As the company moved into the vocal section of the opening number, and as more instruments came in, I began to realize just how amazing this show was going to sound. The surging voices blended beautifully; the thrum of the swelling sound from the orchestra made my heart race. It was simply thrilling. Orchestra and cast finished the title number with a bang; everyone cheered and applauded, and I wept a few tears from the sheer joy of it.


We worked our way through the score, stopping and backing up when we needed to, orchestra and cast feeding off each other’s energy. I shed a few more tears when we got to “New Music,” one of my favorite numbers in the show. The song’s wistful quality has always been lump-in-the-throat inducing for me, but when Maxine played the viola solo that occurs under the lyric “Why? Why can’t you hear the song?” I’m afraid I just dissolved. It was poignant and pensive and simply wonderful.

We only had three hours to rehearse with the orchestra, so every moment had to count and consequently, there wasn’t a lot of time to joke around. We had some moments of glee occasionally – this photo is extra blurry, but it captures the intensity as well as the fun of “What A Game”:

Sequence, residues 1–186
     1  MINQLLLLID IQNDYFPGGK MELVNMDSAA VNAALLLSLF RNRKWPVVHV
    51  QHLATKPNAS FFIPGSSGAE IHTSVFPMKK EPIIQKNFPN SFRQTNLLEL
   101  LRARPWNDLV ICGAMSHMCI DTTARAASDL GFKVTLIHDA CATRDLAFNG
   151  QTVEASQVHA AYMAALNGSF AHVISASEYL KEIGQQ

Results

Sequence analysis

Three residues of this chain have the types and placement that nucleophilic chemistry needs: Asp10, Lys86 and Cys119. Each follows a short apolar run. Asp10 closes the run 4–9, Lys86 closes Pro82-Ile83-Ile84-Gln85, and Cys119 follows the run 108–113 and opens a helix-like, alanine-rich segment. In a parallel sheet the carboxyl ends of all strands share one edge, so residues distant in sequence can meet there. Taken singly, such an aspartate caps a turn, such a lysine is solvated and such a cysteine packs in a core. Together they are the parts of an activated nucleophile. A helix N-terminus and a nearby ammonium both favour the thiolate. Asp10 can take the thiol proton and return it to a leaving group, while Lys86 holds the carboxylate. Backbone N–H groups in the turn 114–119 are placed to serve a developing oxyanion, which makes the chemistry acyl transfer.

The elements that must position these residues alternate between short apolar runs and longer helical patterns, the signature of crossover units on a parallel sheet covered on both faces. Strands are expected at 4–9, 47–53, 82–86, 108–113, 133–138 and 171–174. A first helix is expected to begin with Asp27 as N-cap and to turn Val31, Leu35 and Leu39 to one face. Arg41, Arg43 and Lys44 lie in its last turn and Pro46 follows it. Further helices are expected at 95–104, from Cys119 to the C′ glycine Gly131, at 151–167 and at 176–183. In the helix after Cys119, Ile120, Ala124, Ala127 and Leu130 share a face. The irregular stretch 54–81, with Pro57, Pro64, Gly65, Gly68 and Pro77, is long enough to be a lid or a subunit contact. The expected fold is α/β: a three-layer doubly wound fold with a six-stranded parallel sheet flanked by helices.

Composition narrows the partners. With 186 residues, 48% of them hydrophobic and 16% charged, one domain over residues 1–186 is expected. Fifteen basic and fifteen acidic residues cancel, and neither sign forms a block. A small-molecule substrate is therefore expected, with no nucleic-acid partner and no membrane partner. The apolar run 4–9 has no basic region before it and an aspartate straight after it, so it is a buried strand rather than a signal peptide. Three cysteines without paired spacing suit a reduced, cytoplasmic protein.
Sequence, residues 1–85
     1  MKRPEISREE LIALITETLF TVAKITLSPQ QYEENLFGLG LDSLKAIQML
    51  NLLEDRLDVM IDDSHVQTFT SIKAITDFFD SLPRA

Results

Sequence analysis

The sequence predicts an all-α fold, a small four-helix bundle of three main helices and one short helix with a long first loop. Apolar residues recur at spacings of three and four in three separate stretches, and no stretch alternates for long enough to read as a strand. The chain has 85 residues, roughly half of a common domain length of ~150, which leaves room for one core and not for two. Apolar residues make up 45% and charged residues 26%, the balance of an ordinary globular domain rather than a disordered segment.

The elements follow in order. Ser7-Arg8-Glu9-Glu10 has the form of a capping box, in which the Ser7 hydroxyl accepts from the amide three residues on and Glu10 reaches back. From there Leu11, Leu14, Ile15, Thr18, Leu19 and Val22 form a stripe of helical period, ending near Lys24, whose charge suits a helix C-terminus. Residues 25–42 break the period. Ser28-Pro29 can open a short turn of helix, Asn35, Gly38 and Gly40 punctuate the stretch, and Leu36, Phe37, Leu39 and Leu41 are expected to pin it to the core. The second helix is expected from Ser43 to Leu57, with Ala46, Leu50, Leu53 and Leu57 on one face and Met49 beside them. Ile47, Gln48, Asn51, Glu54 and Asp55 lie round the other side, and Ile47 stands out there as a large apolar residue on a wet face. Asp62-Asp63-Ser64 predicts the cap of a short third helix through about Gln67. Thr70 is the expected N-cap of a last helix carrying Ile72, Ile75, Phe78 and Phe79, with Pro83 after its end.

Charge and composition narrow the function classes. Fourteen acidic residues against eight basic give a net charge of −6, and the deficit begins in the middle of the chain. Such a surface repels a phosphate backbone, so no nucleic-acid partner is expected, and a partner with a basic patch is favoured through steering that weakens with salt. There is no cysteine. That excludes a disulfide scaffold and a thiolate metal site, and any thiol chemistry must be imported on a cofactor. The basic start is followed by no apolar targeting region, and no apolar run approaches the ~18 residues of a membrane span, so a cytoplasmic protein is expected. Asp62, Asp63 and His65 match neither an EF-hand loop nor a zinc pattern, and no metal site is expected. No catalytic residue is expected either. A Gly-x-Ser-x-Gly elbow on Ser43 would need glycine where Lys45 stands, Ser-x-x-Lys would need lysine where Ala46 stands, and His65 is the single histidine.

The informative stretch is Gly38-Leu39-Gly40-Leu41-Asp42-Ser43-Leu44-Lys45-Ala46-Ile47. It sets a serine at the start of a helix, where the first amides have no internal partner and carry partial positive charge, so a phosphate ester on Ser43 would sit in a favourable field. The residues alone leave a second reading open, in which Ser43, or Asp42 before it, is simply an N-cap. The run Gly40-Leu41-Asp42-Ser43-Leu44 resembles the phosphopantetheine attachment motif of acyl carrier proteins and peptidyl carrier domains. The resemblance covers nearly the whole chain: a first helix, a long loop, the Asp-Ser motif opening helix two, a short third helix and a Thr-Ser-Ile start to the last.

(Aaron Galligan-Stierle, Mark Aldridge and Michael X. Martin)

Most of the time, though, everyone was pretty focused and serious. I’ll close with few more photos. This is Sumayya Ali, clearly moved…

Eric Jordan Young really laying into one of Booker T. Washington’s moments…

Ron Bohmer, Robert Petkoff and Bobby Steggert listening intently…


Bass player Jeff Cooper and cellists Laura Bontrager and Sarah Hewitt-Roth hard at work…


Catherine Walker and Tracy Lynn Olivera during one of our breaks…


And finally, the entire company sings the show’s finale:

(Photo by Jenny Anderson, courtesy of Broadway.com)

…Breaking my heart
Op’ning a door
Changing the world
New music
I’ll hear it forevermore!